The Czech Republic is a bit of a mess.  Because roughly fifteen percent of the population continues to support the Communist Party, and no other parties will work in coalition with the Communists, its virtually impossible to put together an effective coalition government.  The center-right and the center-left usually end ever election with only a small percentage difference in votes.  Two important issues to watch: the far-right has been growing rapidly, especially with unemployed young people and in rural areas.  Also, if a center-left coalition were to include the Communists, would that impact the Czech Republic's membership in NATO and relationship with Russia, vis-a-vis the United States?  Poland, on the other hand, is not a difficult country to size up politically.  Poland is, and has been (and will probably continue to be), the most right-of-center country in Europe.  The Polish people are strongly pro-U.S. and anti-Russian, even after the fall of Communism.  The Catholic Church continues to influence the lives of most Poles, and, learning from history, the Polish government has built a powerful Army and Air Force.  Another country that appears to be most comfortable with a right-wing government is Hungary.  The Fidesz (Hungarian Civic Alliance) Party has a substantial majority in the Hungarian parliament, and Fidesz leader Viktor Orban is Hungary's Prime Minister.  The Fidesz Party has come under attack from international human rights organizations because of accusations that the party is anti-Semitic, racist and xenophobic.  Fidesz has made serious efforts to clean up its image, but it makes no bones about its opposition to immigration, especially from Turkey and other Islamic nations.

The United Kingdom just re-elected David Cameron to a second term as Prime Minister.  Last time around, Cameron had to spend the first few days after the election, trying to put together a coalition government; this time around, he gets to watch TV and fool around with his lovely wife.  Cameron's Conservative Party absolutely destroyed the opposition, with a result that shocked even the most optimistic Tory punter.  Now the poor British people will have to listen to a few weeks of Sky News and BBC analyzing and re-analyzing how this development came to pass. For me, its not rocket science.  Since Cameron took office, there have been a number of racially-connected mini-riots in various UK cities.  Not to mention the incident involving the British soldier who was brutally murdered on the street, practically in front of his post.  And who can forget the look of fear on the faces of Prince Charles and Camilla as their car was attacked by a group of protesters in London?  I'm sure the fact that the ISIS commander who appears to be in charge of the beheadings department proudly brags about his English heritage, is something that sticks in the craw of every English person.  The UK is not a haven for extremist and future terrorists should not consider relocating there.  The voters wanted to make sure that the right message was delivered to the bad guys. Although I'm not sure what the Tories plan on doing to tighten immigration and fight the growth of Islamic extremism in the Black and Arab ghettos of London, Liverpool, Manchester and Bristol (just to name a few), but I'm sure the message was received, loud and clear.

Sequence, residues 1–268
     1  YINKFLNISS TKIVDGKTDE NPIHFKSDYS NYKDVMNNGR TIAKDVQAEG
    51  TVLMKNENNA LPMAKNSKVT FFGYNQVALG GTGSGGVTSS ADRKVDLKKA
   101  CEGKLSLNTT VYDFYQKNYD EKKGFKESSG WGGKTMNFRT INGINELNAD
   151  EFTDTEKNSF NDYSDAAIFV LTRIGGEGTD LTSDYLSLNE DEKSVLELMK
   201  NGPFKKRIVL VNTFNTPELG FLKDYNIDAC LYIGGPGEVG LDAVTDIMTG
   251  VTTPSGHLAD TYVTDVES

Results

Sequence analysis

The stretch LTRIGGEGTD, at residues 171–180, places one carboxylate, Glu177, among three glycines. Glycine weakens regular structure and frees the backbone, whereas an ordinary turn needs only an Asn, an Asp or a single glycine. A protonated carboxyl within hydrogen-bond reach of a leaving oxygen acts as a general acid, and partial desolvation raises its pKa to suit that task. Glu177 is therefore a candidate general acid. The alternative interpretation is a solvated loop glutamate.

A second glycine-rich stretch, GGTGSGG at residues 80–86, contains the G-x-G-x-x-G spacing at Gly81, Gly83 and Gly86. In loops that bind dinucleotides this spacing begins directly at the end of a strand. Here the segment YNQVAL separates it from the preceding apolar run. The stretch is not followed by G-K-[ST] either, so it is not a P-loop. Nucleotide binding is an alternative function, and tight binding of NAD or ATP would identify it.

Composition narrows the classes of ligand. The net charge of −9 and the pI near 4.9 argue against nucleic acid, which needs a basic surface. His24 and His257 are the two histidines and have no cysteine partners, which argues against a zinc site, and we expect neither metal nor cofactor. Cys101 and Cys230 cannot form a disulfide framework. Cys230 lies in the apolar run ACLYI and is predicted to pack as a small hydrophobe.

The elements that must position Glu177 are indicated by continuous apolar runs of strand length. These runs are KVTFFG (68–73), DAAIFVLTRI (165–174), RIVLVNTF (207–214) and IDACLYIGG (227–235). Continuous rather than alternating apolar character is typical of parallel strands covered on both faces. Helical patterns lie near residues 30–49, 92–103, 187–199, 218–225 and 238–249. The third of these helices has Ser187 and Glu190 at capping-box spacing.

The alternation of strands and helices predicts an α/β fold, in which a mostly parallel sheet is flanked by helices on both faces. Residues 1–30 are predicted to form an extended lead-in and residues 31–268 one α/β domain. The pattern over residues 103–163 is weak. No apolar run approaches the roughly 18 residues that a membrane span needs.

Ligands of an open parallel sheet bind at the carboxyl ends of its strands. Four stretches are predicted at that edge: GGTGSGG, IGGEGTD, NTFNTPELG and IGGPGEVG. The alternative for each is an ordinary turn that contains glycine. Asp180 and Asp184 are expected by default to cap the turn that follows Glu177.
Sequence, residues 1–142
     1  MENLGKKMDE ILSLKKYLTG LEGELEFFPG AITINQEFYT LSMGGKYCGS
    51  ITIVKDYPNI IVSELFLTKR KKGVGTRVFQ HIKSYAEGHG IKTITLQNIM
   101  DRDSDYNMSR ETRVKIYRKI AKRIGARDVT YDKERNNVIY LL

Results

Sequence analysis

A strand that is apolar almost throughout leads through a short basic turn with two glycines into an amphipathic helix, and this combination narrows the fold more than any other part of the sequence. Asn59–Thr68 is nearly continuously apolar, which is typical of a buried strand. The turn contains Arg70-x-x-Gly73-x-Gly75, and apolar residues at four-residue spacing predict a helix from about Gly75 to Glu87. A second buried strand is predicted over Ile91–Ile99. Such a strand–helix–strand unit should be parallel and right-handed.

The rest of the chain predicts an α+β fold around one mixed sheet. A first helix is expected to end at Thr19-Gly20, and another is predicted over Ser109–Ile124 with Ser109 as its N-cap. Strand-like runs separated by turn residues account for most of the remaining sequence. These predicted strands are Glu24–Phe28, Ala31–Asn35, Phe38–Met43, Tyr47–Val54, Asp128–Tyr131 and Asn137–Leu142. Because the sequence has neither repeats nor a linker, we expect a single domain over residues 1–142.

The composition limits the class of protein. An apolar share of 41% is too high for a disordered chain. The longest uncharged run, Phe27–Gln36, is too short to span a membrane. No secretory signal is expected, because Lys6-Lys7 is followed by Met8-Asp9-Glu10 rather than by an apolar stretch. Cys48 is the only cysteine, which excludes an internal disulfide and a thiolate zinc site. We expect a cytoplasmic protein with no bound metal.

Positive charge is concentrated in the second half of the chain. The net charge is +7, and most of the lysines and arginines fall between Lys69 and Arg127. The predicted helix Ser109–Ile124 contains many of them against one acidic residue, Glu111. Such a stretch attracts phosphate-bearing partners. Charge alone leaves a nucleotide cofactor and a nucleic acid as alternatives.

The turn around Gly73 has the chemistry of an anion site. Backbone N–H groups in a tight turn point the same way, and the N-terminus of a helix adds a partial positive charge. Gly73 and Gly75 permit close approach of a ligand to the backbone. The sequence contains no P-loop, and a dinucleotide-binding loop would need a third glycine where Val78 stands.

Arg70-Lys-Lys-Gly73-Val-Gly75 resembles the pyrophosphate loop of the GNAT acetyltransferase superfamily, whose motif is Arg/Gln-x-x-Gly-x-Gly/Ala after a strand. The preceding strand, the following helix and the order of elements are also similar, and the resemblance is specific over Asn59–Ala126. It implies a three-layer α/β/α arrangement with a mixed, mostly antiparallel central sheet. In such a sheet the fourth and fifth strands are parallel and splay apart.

We haven't reached the Balkans and Greece, but I think we've arrived at a good place to take stock of our research.  Twelve of the countries we reviewed, including Germany, the UK, the Netherlands, Spain and Austria, have right-of-center government.  Only three (France, Sweden and Italy) are sailing against the wind.  I expect France and Italy to elect right wing governments in their next elections, especially if the terrorist issue continues to be a priority.  How can it not be?  With the entire continent embracing conservative governments, what does that mean for the rest of the world?  The EU will probably adopt more market-friendly policies, which includes encouraging tax cuts and tax code reform.  Also, Immigration faucet will be turned down to a trickle.  In a number of European countries, the fear isn't that foreigners will arrive with a terrorist agenda, but that desperate Africans, Algerians, Libyans and Ethiopians will arrive and take all the jobs.  Getting in a shoe box with twenty other people and managing to get it from Tripoli to Reggio on the coastal boot of Italy, will no longer guarantee someone legal residency in Europe.  I believe that this is the first change that Europe will embrace.  And right-wing governments from Warsaw to Lisbon will be on too happy to introduce the legislation to their constituents.